I started out with their Type 10 stem spacer mount. Couple things I like about the products this company makes. Namely, their modularity. They use a number of fairly standard mounting systems so a lot of their stuff is interchangeable. The Type 10 mount has a GoPro adapter as the adjustable pivot. So I can pull the 1/4 turn adapter off and put something else there to mount a different computer.
This is some old stuff I’ve been dragging my feet on posting. This past winter, I made myself a pair of pogies. They’re awesome, but I do need to tweak them a little for next winter. After going through the process of making them, I’ll discuss what I need to change.
Figure out what shape you need. This is a pretty obvious step, but for me it turned out to be the trickiest. I WAS going to post printable patterns, but I’m not 100% pleased with how mine turned out, so I’m not going to share imperfect patterns. Use cardboard to make a mock-up. You need to fit your grips, brake and shifter controls, and have a little bit of extra space. I feel like I could use a little more interior space. At times, it’s a little tight reaching my controls.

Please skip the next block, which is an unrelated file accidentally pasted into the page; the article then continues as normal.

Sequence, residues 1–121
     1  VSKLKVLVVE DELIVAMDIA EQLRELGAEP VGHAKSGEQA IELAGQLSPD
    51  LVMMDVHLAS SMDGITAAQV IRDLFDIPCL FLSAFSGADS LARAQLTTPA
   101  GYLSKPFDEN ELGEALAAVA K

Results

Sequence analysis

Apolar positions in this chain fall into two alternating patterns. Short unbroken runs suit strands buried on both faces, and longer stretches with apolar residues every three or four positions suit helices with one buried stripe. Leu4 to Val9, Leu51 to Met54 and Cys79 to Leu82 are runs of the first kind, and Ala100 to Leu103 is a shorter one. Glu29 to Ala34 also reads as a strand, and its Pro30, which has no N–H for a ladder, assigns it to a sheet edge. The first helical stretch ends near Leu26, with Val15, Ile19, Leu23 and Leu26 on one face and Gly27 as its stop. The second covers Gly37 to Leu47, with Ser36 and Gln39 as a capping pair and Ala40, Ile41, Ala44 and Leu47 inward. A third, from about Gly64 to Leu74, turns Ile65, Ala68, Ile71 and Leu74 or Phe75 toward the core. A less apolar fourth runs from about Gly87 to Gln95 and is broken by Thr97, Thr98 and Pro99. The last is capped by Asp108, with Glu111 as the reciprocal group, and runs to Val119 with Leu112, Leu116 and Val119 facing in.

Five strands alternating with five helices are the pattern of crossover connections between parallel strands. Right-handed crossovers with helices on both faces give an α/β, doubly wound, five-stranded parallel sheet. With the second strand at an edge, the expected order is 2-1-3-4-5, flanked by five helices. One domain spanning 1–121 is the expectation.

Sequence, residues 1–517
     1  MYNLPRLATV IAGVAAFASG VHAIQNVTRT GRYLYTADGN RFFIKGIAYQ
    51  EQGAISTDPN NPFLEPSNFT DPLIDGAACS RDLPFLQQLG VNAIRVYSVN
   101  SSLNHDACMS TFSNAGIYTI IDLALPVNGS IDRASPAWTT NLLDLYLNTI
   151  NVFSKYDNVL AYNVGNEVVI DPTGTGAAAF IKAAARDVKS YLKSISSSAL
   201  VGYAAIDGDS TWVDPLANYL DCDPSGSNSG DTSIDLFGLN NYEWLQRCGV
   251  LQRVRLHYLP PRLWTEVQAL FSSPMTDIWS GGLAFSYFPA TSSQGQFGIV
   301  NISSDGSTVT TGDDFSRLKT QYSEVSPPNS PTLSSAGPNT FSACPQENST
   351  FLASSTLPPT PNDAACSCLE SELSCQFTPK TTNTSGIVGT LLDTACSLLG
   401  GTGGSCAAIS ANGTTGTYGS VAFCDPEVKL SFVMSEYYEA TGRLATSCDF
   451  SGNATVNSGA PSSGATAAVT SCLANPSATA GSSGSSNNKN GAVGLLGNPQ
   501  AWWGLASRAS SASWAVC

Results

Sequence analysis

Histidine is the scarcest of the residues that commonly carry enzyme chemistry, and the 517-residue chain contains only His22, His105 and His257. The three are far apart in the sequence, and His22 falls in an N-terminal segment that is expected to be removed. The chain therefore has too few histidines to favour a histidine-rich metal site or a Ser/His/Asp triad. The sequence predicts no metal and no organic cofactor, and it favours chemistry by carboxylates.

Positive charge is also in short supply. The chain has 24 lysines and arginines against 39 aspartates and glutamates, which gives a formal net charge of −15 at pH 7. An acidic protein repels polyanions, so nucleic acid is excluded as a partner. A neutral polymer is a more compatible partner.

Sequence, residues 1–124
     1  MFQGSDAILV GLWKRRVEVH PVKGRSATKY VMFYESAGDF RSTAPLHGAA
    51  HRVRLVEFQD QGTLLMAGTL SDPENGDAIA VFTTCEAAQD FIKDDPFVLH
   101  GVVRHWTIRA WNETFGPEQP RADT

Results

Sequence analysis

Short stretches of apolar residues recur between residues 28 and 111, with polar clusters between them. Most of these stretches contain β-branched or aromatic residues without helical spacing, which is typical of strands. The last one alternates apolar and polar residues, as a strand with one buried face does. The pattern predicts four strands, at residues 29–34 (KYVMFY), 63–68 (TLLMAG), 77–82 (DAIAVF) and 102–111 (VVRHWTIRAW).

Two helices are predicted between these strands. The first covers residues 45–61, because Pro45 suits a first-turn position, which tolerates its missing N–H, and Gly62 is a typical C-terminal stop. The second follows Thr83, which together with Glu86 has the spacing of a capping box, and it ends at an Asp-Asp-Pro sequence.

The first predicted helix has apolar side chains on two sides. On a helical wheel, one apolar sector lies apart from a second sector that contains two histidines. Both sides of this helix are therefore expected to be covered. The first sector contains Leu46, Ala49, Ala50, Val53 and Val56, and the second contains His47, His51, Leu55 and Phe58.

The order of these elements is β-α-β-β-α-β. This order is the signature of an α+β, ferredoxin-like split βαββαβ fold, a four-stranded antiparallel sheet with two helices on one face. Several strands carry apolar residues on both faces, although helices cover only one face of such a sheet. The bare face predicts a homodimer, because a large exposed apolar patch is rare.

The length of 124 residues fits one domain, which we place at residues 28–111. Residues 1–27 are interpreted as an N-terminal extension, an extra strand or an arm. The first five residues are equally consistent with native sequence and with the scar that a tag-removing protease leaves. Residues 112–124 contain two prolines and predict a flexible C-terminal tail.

Yesterday the wife and I traveled to French Lick, IN to try out the mountain bike trails on the resort.
The verdict: Win.
It was a relatively short ride because both of us have been working hard this summer, and not riding nearly enough. These trails are climby, and they kicked our butts. On the plus side, we finished our ride with a 2+mi downhill which was well worth all the climbing earlier.
You know what else characterizes these trails? Rocks. And tech.
Ever since it was announced April 10, 2014, I’ve been committed to making this my next mountain bike.
When the 2014 SaddleDrive event came around and Salsa started taking orders, I stepped up and told my local shop I was ready to order one. Unfortunately, my shop didn’t get its Salsa order ready for a little bit after that, so I couldn’t get a complete Bucksaw 2 (in yellow!) like I wanted. All that was left in my size on the preorder were some Bucksaw 1 frames. So that’s what I committed to. I hadn’t planned on building a complete bike, but I was roped into it so I started ordering parts.